In 2001, the company increased its stake to 51 per cent. So far, Gaslink has developed 250 km of gas pipeline infrastructure.

In 2000, Ocean and Oil, a private investment company led by Nigerian entrepreneurs Adewale Tinubu and Omamofe Boyo acquired a 30% controlling interest in Unipetrol Plc. In 2001, Ocean and Oil increased its stake in Unipetrol to 42% via an irredeemable convertible loan stock issue.

In 2002, Ocean and Oil led Unipetrol’s bid for a 60% stake of Agip Nigeria Plc, a rival petroleum marketing firm, owned by Agip Petroli BV, an Italian-based oil company.

This was a very bitter take-over that rocked the corporate world because  “The Oando Boys” as Tinubu and his friends were called, upstaged Chief Adekunle Ojora, who was at the time Agip Chairman.

Stories abound that the acquisition was so hostile that many top Directors were kicked out of their properties by the rampaging new owners-Oando.

Those in the sector alleged that Tinubu and his team have been carrying out years of financial gymnastics in Mergers and Acquisitions it has been involved in. Noting that, there are so many shell companies and confusing arrangements in these deals that are mind-blowing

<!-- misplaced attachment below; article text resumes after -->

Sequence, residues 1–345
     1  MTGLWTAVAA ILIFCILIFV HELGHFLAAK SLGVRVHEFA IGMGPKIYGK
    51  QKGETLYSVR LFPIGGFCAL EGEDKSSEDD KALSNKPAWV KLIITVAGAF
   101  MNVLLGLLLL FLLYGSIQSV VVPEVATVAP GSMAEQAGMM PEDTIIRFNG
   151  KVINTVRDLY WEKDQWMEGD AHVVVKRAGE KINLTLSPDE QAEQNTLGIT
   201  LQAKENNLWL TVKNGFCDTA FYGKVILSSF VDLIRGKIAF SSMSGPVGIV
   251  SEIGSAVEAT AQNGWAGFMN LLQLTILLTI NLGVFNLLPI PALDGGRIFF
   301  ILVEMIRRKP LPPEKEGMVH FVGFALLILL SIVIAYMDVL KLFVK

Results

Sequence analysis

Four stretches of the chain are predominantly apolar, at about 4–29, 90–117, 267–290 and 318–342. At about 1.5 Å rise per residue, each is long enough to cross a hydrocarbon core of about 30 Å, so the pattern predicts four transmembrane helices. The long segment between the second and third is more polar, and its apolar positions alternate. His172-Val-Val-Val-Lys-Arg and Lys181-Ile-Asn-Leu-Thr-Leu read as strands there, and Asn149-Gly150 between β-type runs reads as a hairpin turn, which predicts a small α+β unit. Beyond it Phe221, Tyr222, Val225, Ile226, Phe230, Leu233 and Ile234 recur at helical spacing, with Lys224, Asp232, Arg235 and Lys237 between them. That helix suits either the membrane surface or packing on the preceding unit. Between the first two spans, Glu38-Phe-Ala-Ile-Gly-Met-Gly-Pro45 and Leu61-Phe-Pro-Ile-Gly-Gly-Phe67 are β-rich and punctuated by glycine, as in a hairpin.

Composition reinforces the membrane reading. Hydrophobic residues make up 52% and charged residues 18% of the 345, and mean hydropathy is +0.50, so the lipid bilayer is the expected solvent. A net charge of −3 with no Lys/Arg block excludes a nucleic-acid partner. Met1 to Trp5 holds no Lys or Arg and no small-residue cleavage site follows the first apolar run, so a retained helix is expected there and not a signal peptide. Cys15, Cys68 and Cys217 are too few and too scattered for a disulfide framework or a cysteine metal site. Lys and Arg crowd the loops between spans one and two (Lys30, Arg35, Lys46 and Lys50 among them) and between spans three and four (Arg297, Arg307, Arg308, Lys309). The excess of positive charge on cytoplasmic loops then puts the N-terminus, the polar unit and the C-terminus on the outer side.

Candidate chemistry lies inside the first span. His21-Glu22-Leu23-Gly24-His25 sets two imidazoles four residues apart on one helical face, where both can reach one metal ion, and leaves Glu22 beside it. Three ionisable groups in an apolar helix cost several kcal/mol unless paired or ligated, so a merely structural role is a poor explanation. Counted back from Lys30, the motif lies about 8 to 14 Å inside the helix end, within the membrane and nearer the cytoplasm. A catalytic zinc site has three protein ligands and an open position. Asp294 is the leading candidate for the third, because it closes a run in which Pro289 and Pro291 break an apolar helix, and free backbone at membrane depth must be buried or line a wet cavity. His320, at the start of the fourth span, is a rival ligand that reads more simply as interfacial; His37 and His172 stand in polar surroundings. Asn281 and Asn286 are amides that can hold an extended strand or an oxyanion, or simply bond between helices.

For example they stated that Oando Plc now run by Wale Tinubu and Mofe Boyo (Jite Okoloko had since left to run Notore, formerly NAFCON, the fertilizer & Chemical giants) sold 60 per cent of the economic rights and 51 per cent of the voting rights in the West African downstream business to a consortium comprising Helios Investment Partners and The Vitol Group.

When its subsidiary, Oando Energy paid $1.6billion cash to acquire Conocophillips, it announced that there was a readjustment of its share structure. This was in 2014.

Curiously that same 2014, it declared a loss of N184 billion and also declared losses in 2015 and 2016.

Its 2014 financials were so shocking that it elicited reaction from the Nigeria Stock Exchange (NSE). It stated ““The exchange is greatly concerned about the delayed filings and the significant losses which were posted for the 2014 fiscal year and the first three quarters of 2015,’

Analysts believe that Oando may have been suffering the backlash of a troubled global oil market and the resultant economic crisis that hit Nigeria. “That is a simplistic way of looking at the company” an oil industry expert told us. “You need to dig deeper because this company has so many parts”

Indeed, we will keep digging as the battle for the soul Oando Plc rages on…